top of page

Who Thinks You’re Customer-Centric? You? Or Your Customers?

Many so-called customer-centric companies have a glaring blind spot: the customer. Rather than being fanatic about engaging new customers, companies focus on customer transactions and internal metrics at the cost of emphasizing customer journeys. The result is a delivery gap that must be addressed. It’s time to turn the spotlight on the customer and start delivering value.

The Delivery Gap

While most companies assume they consistently give customers what they want, Bain & Company finds they usually are kidding themselves. “When we surveyed 362 firms, we found that 80% believed they delivered a ‘superior experience’ to their customers. But when we then asked customers about their own perceptions, we heard a very different story. They said that only 8% of companies were really delivering.”

Why does this “delivery gap” exist at so many companies? It’s not because they fail to recognize the importance of their customers. More than 95% of management teams Bain & Company surveyed claim to be customer-focused. It’s because the spotlight is turned internally. Customer Success teams fixate on churn analysis and customer health scores. They agonize over how many accounts to assign to each Customer Success Manager, and how to design compensation for customer-facing teams. While these are all important, too much energy is focused inward—at the cost of ignoring customers.

The Internal Spotlight

Customer Success has gained great momentum over the last five to 10 years. Most companies, big and small, established, and startups, have Customer Success teams now. But too often, customer-facing teams operate in silos. Teams including Professional Services, Support, Customer Education, Onboarding, and Implementation, which have been around long before Customer Success existed and are traditionally measured by internal-facing metrics. They track utilization rates and bench time for consultants, and time to go live for onboarding specialists. Support Agents measure the length of ticket queues and time to resolution, while Customer Education teams announce course completion rates and class “smiley sheets” scores. While these metrics are important, they are more concerned with how well teams are run and are less concerned with how customers are doing. Shining the spotlight on internal teams naturally leaves your customers in the shadows.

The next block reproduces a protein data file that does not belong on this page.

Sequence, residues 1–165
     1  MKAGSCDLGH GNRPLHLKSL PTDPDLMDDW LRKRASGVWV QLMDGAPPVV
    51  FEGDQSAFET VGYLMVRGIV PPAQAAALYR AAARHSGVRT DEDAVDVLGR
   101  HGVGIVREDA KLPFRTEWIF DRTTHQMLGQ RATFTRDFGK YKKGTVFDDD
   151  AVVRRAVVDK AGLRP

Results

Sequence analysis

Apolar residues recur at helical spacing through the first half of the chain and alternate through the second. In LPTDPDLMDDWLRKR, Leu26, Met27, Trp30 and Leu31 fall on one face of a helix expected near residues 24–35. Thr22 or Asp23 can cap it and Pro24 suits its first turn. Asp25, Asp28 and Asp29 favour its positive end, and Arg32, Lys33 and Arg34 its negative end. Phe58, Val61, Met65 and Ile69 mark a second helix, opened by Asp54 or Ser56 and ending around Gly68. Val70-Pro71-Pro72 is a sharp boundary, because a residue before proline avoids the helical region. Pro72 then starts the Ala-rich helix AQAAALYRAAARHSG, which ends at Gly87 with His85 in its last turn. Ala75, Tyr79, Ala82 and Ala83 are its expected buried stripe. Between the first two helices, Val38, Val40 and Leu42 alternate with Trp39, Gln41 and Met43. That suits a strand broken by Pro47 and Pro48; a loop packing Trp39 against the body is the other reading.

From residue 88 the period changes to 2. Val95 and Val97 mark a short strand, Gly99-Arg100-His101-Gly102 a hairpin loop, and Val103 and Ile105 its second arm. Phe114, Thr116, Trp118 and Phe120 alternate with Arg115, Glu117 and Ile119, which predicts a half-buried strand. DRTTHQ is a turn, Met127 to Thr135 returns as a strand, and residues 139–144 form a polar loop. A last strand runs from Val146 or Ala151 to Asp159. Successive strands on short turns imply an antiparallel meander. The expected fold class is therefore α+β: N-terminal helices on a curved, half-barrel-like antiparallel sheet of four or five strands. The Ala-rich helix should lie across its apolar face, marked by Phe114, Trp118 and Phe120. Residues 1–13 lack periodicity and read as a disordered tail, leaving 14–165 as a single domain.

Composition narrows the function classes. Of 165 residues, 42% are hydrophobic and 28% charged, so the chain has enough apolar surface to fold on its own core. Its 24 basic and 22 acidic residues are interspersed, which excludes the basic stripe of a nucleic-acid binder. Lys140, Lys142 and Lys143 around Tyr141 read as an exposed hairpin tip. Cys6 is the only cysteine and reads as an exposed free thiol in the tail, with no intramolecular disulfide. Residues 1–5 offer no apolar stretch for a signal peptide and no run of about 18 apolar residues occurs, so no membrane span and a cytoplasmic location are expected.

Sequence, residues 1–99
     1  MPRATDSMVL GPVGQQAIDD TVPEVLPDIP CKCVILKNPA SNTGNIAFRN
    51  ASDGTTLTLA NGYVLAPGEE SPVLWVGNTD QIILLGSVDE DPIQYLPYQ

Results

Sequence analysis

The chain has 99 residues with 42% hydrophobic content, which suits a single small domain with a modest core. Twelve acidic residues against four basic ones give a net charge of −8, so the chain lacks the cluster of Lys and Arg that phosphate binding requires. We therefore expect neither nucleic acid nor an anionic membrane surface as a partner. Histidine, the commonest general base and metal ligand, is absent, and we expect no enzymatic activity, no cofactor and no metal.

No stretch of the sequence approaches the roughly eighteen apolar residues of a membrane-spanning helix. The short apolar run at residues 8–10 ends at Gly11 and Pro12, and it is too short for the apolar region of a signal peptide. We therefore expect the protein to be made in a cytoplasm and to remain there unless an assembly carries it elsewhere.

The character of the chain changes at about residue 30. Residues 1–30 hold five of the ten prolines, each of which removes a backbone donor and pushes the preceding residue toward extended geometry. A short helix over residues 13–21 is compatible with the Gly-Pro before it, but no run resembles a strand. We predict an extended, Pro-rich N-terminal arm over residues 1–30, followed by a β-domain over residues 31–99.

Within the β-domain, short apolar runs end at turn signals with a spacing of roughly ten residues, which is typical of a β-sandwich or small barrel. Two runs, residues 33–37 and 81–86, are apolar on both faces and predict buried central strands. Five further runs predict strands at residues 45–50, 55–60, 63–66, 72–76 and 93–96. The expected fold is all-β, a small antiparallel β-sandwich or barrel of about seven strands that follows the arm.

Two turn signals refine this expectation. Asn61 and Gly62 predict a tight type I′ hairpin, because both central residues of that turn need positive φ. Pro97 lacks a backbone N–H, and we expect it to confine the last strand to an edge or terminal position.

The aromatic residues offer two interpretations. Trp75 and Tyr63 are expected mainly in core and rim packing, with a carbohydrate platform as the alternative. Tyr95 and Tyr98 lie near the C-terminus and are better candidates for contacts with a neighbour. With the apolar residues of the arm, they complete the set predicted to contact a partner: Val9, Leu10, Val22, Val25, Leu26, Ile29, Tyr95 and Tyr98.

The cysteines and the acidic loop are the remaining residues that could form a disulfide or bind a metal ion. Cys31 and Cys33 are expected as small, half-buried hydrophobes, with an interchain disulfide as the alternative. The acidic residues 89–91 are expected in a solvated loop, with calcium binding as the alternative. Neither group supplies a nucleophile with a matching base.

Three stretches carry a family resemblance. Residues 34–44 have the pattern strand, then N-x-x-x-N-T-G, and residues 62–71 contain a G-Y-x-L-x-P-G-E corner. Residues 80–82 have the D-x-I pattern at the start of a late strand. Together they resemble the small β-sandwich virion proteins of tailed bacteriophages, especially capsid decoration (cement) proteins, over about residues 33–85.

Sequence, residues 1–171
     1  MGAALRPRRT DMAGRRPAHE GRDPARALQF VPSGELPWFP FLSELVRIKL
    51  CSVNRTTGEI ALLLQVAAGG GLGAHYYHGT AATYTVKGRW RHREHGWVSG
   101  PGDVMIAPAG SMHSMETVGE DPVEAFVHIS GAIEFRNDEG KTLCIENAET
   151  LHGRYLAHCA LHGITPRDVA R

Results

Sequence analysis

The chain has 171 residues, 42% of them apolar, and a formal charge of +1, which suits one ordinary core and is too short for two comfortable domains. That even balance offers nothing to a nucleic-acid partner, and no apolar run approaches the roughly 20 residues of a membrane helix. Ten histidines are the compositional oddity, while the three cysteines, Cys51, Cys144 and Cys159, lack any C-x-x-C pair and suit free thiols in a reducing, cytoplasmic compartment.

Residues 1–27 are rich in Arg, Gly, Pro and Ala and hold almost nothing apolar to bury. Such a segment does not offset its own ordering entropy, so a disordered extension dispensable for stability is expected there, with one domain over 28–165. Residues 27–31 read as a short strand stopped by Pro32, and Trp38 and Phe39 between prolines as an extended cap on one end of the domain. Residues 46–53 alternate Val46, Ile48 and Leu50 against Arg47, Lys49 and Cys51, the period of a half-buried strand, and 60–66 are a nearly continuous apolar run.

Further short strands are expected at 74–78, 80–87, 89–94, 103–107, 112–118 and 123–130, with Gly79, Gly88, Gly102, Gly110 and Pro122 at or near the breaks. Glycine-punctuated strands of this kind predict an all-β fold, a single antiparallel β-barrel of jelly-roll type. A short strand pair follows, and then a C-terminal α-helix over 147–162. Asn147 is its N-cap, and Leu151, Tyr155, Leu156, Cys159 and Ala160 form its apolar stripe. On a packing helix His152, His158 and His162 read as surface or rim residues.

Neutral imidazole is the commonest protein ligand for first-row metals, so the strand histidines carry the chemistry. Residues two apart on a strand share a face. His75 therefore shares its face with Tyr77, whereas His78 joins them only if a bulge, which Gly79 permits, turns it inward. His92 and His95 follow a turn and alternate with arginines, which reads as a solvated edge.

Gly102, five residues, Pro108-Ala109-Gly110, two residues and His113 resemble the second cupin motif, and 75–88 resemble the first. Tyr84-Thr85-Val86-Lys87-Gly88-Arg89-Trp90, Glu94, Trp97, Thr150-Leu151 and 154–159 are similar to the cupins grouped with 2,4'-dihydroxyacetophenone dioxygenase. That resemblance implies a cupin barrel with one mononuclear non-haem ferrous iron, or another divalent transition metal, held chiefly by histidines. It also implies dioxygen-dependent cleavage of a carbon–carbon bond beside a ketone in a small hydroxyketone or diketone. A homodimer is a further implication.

From Touchpoints to Journeys

Global management consulting firm McKinsey shares that companies often focus on customer satisfaction at the transactional level. They track Net Promoter Scores for individual touchpoints like support calls and training classes and send surveys out after every purchase. And even though customers might love each high-quality experience, overall satisfaction suffers when these impressions aren’t aligned in a larger customer journey.

In the article “From Touchpoints to Journeys, Seeing the World as Customers Do,” McKinsey shares findings that journeys correlate significantly more with overall outcomes than do touchpoints. This means it’s your responsibility to provide customers with a coordinated and proactive approach with best practices that drive specific outcomes. Seamless customer journeys are so critical for your business because the rewards include higher customer and employee satisfaction, increased revenue, cost improvements, and an enduring competitive advantage.

Turn the Spotlight on Your Customers

It’s time to turn the spotlight on your customers. Customers are the core to your financial stability and your higher profits. Their success drives your success. The first step to moving from the internal focus and towards shining the light on your customers is to break down internal silos. Start by bringing customer-facing teams together to define, design, and deploy the most important part of the customer journey: onboarding. Deliver a prescriptive and cross-functional journey that delivers value to your customers quickly and seamlessly. Then, align internal teams on the metrics that drive customers to value.

  • Start with customer onboarding. The reality is that 100 percent of your customers need to be onboarded for you to be successful. Onboarding is the period when many teams interact with customers, so leverage the onboarding period to immediately deliver a compelling experience for new customers. Since customer onboarding is everything, it’s important you get it right.

  • Value: Customers hire your product to be better at their jobs. Most likely they want to make money or save money. They want to save time or be compliant. Rather than direct all the attention on going live with your product, ensure users know how to obtain value quickly. Help them transform their business rather than just use your product.

  • Metrics: Consider aligning customer-facing teams on customer-centric metrics that demonstrate how effectively they deliver customer value. I recommend you include leading, or predictive, metrics like product usage, adoption, customer health scores, and customer satisfaction scores to get teams working together for the customer.

When Customers Win You Win

When you align customer-facing teams, break down silos, and shine the spotlight on your customers, everyone benefits. Start by breaking down silos. Create a seamless customer onboarding framework that customer-facing teams can get behind. Make it a priority to deliver value to customers at every stage of their journey with you, and align internal teams on a few key metrics that demonstrate customer success. Because when customers win, you win.

DONNA WEBER is the world’s leading expert in customer onboarding. For more than two decades, she has helped high-growth startups and established enterprises create customers for life. Her award-winning book is Onboarding Matters: How Successful Companies Transform New Customers Into Loyal Champions. Learn more at



bottom of page